The best guide to how your fruiotn plants are doing and best chance to intervene with a potential problem is to get outside. Occasionally water with the hose. The time it takes to fill the basin of each plant will give you the opportunity to look the plant over. Your plant can tell you many things if you take time to look. The color of the leaves can indicate certain nutrient deviancies. Curling of the leaves depending on which direction can reveal over or under watering. Damage to the leaves or trunk can reveal pests or disease and all possibly give you enough time to seek advise and react. If you use a watering system such as drip emitters be advised they are not fool proof. Apart from the fact that the emitters have to be changed and adjusted yearly to coincide with your maturing tree they can also fail or become plugged, and a few days or weeks with out water might have an irreversible affect.
Mangos, Bananas, Avocados, in a desert climate? Can it be done? Sure it can and is being done all over town. With a little planning and consideration to sun, wind, cold and watering you can grow numerous types of tropical and sub-tropical fruit plants and trees. Arizona's great year round climate lends itself to a wonderful array of possibilities, and in no time at all you too can be growing and eating home grown Mangos and Bananas from your own back yard.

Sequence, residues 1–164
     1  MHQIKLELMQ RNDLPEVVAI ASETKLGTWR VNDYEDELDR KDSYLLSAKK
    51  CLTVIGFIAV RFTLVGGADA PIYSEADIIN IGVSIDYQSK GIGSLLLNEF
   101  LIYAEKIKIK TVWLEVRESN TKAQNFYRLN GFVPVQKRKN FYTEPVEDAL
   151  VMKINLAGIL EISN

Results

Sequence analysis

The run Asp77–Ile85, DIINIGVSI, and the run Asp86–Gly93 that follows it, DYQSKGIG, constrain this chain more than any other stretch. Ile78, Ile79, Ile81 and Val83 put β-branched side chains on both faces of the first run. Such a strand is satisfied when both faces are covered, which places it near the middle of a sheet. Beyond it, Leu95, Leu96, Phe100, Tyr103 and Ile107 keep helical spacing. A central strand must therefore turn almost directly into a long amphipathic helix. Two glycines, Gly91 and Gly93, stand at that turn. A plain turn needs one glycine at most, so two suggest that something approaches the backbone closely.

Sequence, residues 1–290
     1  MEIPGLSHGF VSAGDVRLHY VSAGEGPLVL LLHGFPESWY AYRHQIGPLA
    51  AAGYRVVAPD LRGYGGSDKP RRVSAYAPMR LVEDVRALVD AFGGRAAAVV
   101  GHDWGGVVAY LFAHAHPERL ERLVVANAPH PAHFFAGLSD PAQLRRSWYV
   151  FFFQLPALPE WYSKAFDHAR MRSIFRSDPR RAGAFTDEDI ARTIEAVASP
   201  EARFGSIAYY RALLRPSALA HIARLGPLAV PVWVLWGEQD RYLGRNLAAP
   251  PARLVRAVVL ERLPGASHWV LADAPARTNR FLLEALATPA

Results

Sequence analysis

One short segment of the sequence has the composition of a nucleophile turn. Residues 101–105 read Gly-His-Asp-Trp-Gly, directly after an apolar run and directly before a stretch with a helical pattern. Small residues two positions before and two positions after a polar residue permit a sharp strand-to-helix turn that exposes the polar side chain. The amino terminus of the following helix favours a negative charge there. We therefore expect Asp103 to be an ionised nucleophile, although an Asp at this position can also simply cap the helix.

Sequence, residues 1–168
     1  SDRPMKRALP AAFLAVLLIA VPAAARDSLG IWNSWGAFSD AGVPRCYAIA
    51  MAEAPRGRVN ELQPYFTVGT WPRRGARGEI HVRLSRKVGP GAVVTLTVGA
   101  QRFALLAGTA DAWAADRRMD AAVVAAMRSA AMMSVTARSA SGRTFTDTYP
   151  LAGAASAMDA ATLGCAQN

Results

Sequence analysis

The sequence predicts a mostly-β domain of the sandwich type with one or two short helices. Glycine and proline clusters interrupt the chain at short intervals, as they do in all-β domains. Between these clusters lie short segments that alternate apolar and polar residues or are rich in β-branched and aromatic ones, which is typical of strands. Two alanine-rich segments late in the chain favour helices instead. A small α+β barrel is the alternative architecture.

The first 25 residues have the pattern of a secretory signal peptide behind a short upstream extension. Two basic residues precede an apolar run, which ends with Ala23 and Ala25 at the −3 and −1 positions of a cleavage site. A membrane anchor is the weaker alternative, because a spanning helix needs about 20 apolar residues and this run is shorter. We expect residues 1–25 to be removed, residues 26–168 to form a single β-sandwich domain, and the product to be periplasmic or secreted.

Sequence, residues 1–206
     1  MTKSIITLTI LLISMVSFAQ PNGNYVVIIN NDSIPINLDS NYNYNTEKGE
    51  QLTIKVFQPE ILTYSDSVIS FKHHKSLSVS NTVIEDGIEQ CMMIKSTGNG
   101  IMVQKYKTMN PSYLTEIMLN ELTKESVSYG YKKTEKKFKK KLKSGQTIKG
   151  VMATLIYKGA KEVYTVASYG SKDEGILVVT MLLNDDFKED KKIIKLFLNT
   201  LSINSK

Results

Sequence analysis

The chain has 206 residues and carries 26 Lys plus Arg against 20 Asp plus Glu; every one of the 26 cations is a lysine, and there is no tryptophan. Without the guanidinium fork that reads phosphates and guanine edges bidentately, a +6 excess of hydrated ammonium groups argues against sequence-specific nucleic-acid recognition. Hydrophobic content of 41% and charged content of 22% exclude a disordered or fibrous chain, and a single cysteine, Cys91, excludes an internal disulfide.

Many think that the summer heat is the main killer and reason you can't grow many tropical plants in a desert. Well, have you ever been to India, Thailand or even Florida, it is brutally hot in the summer, factor in the humidity and well you know. Closer to home did you know that there are over 30,000 Keitt mango trees growing in the hot desert area of the Coachella Valley of California, (Salton Sea), where the daily summer highs rarely dip below 105f, and a normal summer day averages 114f. Some of the ripened fruit is distributed through local Costo stores nation wide and the remaining is shipped to Asian markets over seas. Sure the Arizona (Phoenix) summer is hot and uncomfortable for us, but this is not completely so for tropical plants. Though summer sun and heat is a factor, the main killer is wind and cold, second biggest killer is under watering newly planted trees. The presumption when someone says California climate is to think of the pleasant southern costal area and beaches and how easy plants grow there. Apart from the coastal area, the truth is that California has a diverse climate just like Arizona, from searing deserts to snowy mountains and all the challenges that come with growing sub-tropical plants.